Michigan senators have introduced the “Make It In Michigan Act.” If successful, “Make It In Flint/Detroit Acts” to follow next.
Well, not really. The democratic Michigan senators (Debbie Stabenow and Gary Peters) are actually co-sponsoring the “Make It In America Act.” But to help illustrate how economically nonsensical the “Make It In America Act” is, I’ve taken the liberty of doing some editing below of this recent news report:
GRAND HAVEN, Mich. — If it is going to be paid for by the American Michigan tax payer and used by American Michigan soldiers and others or spent on state government projects, it should be made here in the state too.
The “it” is anything purchased by the federal state government and the person promoting the Buy Michigan idea is U.S. Sen. Debbie Stabenow (D-MI). Sen. Stabenow was in the area Friday promoting more strenuous enforcement of the Buy American Michigan Act. The senator says the decades old policy allows for exemptions that she says are being abused and costing American Michigan companies cash and consequently American Michigan jobs.
Stabenow’s “Make It In America Michigan Act,” she says, would fix that.
“Make it In America Michigan is about saying American Michigan products first. You can’t use a waiver unless you evaluate the extent to which it impacts American Michigan jobs. We should be supporting Michigan startups,” Stabenow said. “If a government agency says well we don’t make it here in Michigan, well we can make anything here in our state. So let’s support Michigan startups to do the things to make sure that when we’re spending money, whether it’s defense or any other government agency, American Michigan taxpayer dollars should go for American Michigan products and American Michigan jobs.”
Stabenow announced her new legislation Friday at a manufacturing facility in Grand Haven.
U.S. Senator Gary Peters (D-MI) is a co-sponsor of the legislation. “Spending American Michigan tax dollars on products made by American Michigan workers helps create jobs in our state,” said Senator Peters. “I’m proud to join Senator Stabenow in introducing this commonsense legislation that will improve the enforcement of Buy American Michigan rules to help boost Michigan’s manufacturing industry and grow our economy.”
From an economic viewpoint, there’s really nothing materially different between a “Buy America Act” and a “Buy Michigan Act.” They both restrict choices based on goods crossing imaginary lines and impose higher costs on consumers and taxpayers. There’s also nothing economically or materially different from a “Buy Michigan Act,” a “Buy Genesee County Act,” a “Buy Flint Act,” and a “Buy City District/Ward No. 5 Act.” In all cases, those “Buy America/State/County/City/District Acts” give preferences to goods and services that are supplied by companies headquartered on one side of an imaginary line (national, state, county, city, or city district border) over those same goods and services, even when they are offered at lower prices, that might be supplied by companies headquartered on the other side of an imaginary line.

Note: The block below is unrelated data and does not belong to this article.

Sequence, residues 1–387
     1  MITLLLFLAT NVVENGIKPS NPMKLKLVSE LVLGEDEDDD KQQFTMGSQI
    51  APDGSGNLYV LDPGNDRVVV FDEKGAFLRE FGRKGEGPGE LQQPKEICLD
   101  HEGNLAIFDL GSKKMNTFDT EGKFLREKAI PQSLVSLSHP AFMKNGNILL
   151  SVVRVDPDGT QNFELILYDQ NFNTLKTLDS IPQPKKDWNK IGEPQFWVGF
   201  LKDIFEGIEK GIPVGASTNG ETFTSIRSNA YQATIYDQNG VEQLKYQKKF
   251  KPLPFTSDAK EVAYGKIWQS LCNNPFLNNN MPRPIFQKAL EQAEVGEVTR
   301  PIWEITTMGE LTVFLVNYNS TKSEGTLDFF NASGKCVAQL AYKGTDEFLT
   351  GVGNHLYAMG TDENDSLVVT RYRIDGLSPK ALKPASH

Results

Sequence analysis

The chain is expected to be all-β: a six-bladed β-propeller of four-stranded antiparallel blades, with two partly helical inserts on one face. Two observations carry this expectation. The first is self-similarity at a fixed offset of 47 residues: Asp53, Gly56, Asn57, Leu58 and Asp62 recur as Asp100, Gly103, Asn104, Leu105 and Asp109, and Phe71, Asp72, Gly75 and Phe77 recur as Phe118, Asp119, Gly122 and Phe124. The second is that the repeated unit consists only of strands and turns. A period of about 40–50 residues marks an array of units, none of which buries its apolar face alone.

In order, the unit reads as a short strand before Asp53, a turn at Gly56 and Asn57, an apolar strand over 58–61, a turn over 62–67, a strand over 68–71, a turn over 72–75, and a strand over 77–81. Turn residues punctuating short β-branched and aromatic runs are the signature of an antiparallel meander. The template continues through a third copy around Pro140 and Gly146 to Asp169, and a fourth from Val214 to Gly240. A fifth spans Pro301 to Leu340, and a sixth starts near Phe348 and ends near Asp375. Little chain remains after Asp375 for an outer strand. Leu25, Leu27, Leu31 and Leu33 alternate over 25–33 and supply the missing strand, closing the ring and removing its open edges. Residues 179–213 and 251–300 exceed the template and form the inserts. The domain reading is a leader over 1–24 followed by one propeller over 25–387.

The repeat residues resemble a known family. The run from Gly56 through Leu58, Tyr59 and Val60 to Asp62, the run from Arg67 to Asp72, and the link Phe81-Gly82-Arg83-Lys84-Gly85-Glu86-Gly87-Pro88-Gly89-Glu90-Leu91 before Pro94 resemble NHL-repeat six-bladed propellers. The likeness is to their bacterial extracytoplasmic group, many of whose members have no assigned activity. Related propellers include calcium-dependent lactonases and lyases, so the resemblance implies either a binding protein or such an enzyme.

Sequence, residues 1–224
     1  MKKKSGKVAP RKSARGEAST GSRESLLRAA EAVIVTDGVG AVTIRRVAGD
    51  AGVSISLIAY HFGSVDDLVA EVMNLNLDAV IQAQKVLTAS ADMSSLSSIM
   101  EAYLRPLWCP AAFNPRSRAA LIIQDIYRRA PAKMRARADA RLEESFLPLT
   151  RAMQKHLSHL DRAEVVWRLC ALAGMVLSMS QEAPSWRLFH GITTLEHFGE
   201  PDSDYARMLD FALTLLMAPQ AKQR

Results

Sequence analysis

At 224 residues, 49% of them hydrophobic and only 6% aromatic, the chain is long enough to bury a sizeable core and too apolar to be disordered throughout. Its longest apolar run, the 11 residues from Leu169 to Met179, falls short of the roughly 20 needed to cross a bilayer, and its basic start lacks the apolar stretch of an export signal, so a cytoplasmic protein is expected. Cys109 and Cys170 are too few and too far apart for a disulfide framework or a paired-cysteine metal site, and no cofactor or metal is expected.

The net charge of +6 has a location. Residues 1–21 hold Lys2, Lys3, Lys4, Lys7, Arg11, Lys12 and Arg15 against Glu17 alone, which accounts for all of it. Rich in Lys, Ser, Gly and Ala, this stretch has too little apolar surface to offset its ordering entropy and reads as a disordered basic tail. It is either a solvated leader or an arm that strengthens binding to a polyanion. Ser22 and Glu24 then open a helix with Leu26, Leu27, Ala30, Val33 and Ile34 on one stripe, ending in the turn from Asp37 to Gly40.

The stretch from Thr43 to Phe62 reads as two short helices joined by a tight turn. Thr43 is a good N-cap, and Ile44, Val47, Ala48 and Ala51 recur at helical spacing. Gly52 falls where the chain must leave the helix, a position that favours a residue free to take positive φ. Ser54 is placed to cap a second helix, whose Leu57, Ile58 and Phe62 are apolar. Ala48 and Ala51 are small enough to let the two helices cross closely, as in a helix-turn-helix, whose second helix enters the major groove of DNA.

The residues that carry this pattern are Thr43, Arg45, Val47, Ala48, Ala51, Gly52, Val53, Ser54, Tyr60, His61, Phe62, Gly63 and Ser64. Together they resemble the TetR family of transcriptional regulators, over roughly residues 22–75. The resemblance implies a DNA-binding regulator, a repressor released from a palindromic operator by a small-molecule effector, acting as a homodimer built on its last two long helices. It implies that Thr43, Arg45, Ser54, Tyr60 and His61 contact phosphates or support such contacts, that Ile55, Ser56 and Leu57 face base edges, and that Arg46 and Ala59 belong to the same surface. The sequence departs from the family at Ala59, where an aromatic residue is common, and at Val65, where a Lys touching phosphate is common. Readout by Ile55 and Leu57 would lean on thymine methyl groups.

If restricting your household’s consumption choices to your own high-cost household production would be bad, how could it be different for restricting choices to a city, state, or country?Of course, the objective of any “Make It In Area X Act” is purportedly to support or increase jobs in Area X. But to support or increase some jobs in Area X through legislation that would likely impose higher prices on consumers and/or taxpayers in Area X would have to eliminate or reduce other jobs in Area X, most likely leading to net job losses. For example, suppose consumers and taxpayers in Michigan are forced to pay higher prices for food, clothing, gasoline, computers, road construction, building construction, etc. following the passage of a “Make It In Michigan Act” that punitively taxes products from out-of-state or gives special preferences to Michigan companies that are hired for government projects. Certain state jobs would be supported or created, but many more state jobs would disappear due to the loss of purchasing power from higher prices that would result from the “Make It In Michigan Act.” It’s just not economically possible to restrict choices and raise prices for consumers/taxpayers of Area X and make those residents better off and more prosperous. Common sense and economic logic lead to the conclusion that those residents will be worse, not better off, overall.
If you have any doubt that “Make It In Area X Acts” would reduce economic prosperity, consider the consequences of imposing such a policy at your own household level with the equivalent of a “Make It In the Jones Household Act.” If you understand that restricting your household’s consumption choices to your own high-cost household production would significantly lower your standard of living, then you should understand why a “Make It In Your Own Neighborhood/District/City/County/State/Country Law” is equally nonsensical and undesirable.
Update: I double dare Sen. Debbie Stabenow or Sen. Gary Peters to prove that they have any “Made in Michigan” clothing or shoes in their wardrobes.
Republished from AEIdeas.
Make Michigan Great Again
Mark J. Perry is a scholar at the American Enterprise Institute and a professor of economics and finance at the University of Michigan’s Flint campus.
This article was originally published on FEE.org. Read the original article.
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